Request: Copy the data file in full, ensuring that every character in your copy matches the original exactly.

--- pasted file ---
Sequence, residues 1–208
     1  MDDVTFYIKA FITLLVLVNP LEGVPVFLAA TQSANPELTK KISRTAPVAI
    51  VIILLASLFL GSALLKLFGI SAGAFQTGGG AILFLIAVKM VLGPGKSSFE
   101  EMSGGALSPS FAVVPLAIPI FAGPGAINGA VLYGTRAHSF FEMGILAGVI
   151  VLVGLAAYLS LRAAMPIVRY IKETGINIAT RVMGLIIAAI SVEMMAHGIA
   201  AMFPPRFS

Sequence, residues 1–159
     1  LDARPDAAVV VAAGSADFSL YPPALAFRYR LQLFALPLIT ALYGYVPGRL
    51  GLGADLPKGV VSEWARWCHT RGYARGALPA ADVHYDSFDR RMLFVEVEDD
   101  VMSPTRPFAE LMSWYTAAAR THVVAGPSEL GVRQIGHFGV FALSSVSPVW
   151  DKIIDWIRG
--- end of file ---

Sequence, residues 1–208
     1  MDDVTFYIKA FITLLVLVNP LEGVPVFLAA TQSANPELTK KISRTAPVAI
    51  VIILLASLFL GSALLKLFGI SAGAFQTGGG AILFLIAVKM VLGPGKSSFE
   101  EMSGGALSPS FAVVPLAIPI FAGPGAINGA VLYGTRAHSF FEMGILAGVI
   151  VLVGLAAYLS LRAAMPIVRY IKETGINIAT RVMGLIIAAI SVEMMAHGIA
   201  AMFPPRFS

Sequence, residues 1–159
     1  LDARPDAAVV VAAGSADFSL YPPALAFRYR LQLFALPLIT ALYGYVPGRL
    51  GLGADLPKGV VSEWARWCHT RGYARGALPA ADVHYDSFDR RMLFVEVEDD
   101  VMSPTRPFAE LMSWYTAAAR THVVAGPSEL GVRQIGHFGV FALSSVSPVW
   151  DKIIDWIRG